Narrative of the captivity of Frances Noble, who was, among others, taken by the Indians from Swan Island, in Maine, about the year 1755; compiled by John Kelly, Esq. of Concord, New Hampshire, from the minutes and memoranda of Phinehas Merrill. Esq. of Stratham, in the same state; and by the Former Gen. Tleman communicated for publication to the editors of the Historical Collections of New Hampshire.
A Narrative of the captivity of Nehemiah How, who was taken by the Indians at the Great Meadow Fort above Fort Dummer, where he was an inhabitant, October 11th, 1745. Giving an account of what he met with in his traveling to Canada, and while he was in prison there. Together with an account of Mr. How’s death at Canada. Exceedingly valuable for the many items of exact intelligence therein recorded, relative to so many of the present inhabitants of New England, through those friends who endured the hardships of captivity in the mountain deserts and the damps of loathsome prisons. Had the author lived to have returned, and published his narrative himself, he doubtless would have made it far more valuable, but he was cut off while a prisoner, by the prison fever, in the fifty-fifth year of his age, after a captivity of one year, seven months, and fifteen days. He died May 25th, 1747, in the hospital at Quebec, after a sickness of about ten days. He was a husband and father, and greatly beloved by all who knew him.
Danford Rice, late a well-known farmer of Claremont, who died August 4, 1877, was born in this town, December 2, 1805. His grandfather, Ebenezer Rice, who was one of the earliest settlers of Claremont, coming with a little colony of pioneers from Tolland, Conn., bought considerable land in the village, but afterward removed to West
Abiathar Richards, a retired merchant of Newport, was born here, October 8, 1825, son of Seth and Fanny Richards, of Dedham, Mass. He is descended from Edward Richards, one of the twelve immigrants bearing that surname, who, England to this country at different times in the period between 1630 and 1728, and whose descendants are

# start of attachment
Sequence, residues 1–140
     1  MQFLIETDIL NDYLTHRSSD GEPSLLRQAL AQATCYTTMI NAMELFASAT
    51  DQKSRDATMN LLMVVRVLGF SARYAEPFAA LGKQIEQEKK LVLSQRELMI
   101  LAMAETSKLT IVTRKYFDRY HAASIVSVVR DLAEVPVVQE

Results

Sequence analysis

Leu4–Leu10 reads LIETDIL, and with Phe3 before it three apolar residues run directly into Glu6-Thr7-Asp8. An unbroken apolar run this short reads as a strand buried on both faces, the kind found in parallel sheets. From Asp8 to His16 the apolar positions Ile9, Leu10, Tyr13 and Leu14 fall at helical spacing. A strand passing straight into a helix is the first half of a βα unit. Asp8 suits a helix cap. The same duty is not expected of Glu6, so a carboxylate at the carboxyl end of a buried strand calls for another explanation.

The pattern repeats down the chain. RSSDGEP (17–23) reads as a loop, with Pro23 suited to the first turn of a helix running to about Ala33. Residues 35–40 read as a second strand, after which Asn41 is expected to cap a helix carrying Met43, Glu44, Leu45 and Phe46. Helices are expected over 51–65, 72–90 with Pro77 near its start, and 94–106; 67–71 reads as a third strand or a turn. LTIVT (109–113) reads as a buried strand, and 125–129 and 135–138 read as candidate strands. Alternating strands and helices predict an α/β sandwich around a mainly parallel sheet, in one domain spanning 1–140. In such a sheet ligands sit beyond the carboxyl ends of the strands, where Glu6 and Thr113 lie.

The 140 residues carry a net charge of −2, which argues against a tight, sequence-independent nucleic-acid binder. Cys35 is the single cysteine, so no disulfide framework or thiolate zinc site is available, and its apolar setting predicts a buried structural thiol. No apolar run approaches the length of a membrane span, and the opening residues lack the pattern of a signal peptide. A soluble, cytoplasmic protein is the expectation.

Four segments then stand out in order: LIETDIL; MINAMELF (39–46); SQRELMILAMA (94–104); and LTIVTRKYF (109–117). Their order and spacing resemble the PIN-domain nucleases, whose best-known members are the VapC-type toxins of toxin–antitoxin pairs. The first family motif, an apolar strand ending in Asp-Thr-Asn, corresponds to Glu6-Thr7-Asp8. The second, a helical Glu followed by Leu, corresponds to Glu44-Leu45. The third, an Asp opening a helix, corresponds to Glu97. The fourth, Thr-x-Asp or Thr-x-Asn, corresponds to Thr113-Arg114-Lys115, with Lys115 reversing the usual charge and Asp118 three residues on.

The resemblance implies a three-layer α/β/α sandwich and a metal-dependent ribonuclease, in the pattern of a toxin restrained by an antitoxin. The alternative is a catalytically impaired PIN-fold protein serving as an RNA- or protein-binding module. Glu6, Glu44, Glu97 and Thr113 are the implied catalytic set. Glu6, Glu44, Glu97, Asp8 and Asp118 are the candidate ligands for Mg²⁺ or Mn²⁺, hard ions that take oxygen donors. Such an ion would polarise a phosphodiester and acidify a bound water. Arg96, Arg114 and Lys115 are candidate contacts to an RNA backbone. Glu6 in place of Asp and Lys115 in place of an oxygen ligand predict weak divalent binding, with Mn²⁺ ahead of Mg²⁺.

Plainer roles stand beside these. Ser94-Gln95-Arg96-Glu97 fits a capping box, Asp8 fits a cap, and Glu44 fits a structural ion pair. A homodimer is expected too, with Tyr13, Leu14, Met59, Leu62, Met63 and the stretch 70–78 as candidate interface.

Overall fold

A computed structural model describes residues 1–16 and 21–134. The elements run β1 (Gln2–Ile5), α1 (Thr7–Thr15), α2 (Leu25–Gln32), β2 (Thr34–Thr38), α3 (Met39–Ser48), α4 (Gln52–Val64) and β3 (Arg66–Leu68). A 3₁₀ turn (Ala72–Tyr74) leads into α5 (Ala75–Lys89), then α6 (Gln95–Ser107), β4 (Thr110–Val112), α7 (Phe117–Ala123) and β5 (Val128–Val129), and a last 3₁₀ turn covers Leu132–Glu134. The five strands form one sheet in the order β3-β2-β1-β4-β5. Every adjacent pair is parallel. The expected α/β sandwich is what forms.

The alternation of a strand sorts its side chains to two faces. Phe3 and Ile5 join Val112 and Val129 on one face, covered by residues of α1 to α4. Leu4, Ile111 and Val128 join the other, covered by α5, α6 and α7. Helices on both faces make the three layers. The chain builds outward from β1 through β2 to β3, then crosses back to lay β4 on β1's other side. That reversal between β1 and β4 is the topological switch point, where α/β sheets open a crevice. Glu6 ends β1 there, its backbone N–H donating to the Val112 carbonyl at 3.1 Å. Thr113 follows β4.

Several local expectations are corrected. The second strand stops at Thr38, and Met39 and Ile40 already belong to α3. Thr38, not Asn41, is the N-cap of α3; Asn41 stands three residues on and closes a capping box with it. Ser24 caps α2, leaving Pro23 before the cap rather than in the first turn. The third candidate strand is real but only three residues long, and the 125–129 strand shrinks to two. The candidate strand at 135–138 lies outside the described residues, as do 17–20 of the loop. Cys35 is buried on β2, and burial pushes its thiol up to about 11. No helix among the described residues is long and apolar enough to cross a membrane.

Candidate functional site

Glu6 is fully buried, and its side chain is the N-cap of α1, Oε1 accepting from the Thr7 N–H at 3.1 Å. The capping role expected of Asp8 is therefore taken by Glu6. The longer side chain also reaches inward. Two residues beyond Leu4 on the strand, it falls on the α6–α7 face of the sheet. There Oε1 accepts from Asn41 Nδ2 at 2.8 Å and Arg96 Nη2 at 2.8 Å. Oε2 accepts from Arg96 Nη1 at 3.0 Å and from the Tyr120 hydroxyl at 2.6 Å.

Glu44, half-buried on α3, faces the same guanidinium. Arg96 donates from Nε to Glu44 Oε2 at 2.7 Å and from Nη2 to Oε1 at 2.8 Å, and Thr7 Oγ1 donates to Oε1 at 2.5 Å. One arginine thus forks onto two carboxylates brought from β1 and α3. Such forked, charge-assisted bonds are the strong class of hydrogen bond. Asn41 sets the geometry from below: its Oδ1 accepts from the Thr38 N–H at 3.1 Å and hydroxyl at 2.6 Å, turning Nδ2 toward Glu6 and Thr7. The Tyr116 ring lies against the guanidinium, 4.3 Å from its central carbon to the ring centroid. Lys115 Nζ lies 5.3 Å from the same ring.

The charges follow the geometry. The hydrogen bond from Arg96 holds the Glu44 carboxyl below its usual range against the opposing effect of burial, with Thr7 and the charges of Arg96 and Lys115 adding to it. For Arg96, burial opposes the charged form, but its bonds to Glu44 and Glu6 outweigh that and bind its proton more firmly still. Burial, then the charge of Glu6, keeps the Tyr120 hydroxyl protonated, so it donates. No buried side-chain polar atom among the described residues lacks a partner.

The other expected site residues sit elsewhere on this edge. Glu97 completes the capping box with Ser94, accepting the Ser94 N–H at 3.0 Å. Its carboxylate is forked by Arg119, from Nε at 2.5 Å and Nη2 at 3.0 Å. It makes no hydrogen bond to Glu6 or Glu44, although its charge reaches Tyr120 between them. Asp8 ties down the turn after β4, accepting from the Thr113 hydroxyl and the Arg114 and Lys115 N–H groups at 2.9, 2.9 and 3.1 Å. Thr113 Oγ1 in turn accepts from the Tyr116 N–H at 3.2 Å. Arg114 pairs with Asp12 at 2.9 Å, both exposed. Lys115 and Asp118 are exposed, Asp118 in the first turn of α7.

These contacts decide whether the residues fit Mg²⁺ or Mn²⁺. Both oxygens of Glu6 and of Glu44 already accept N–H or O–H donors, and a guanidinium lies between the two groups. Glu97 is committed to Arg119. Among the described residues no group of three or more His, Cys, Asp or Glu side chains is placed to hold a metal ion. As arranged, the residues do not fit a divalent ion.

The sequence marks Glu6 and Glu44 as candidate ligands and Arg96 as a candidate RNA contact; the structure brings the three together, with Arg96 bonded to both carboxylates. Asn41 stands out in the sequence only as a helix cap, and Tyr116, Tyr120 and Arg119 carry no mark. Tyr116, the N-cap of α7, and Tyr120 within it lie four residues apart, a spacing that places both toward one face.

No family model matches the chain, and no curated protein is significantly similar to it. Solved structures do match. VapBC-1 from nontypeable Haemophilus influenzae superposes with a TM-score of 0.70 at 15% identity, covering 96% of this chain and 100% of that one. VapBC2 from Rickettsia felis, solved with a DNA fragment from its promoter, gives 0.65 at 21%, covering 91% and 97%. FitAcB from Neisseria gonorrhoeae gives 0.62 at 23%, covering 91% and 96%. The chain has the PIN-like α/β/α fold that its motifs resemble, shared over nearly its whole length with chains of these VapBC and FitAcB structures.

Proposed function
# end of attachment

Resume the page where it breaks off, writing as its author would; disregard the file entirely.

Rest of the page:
Amos Richardson, an influential resident of Cornish, was born here, November 27, 1817, son of Amos and Sophia (Cummings) Richardson. He is a descendant of Dr. Amos Richardson, who was a physician of note in Pelham, N.H. Dr. Amos’s son, Joseph, was grandfather of the subject of this sketch. Joseph’s children were: Miriam, Joseph, David,
Timothy B. Rossiter, one of the wealthiest men in Claremont, was born there, September 18, 1807, son of Sherman and Olive (Baldwin) Rossiter. Sir Edward Rossiter, the founder of the family, with his son and son’s wife, Dr. and Mrs. Bray Rossiter, embarked from Plymouth, England, on the ship “Mary and John,” March 20, 1630,
John P. Rounsevel, formerly a well-known wool buyer of Claremont, was born in Unity, N.H., January 2, 1815, son of Royal and Betsey (Sweat) Rounsevel. Rounseville, the original spelling of the name, was changed to the present form by Joseph Rounsevel about the year 1768. In 1749 Thomas Rounseville wrote from Ottery St. Mary to
Captain Eleazar L. Sarsons, a well-known resident of Acworth and a veteran of the Civil War, was born in Lyme, N.H., August 9, 1836, son of Leon and Flora Ella (Prue) Sarsons. His father, who was born in France in the year 1800, emigrated to Canada in 1828, and in 1834 moved to Sheffield, Vt.
Solomon Stone was born in Plainfield, November 6, 1811, and died January 12, 1892. His wife, born in Cornish, June 11, 1813, still lives in Plainfield, enjoying good health and able to do nearly all her own work without assistance. Mr. Chadbourne’s mother, Sally Cady, was born in Cornish, August 29, 1790, and died December
George Henry Stowell, a wholesale and retail dealer in hardware and one of the wealthiest citizens of Claremont, was born in Cornish, N.H., October 28, 1835. His father, Amasa Stowell, came to Cornish from Hartland, Vt. He died when our subject was a young boy. He had ten children, of whom five are living, namely: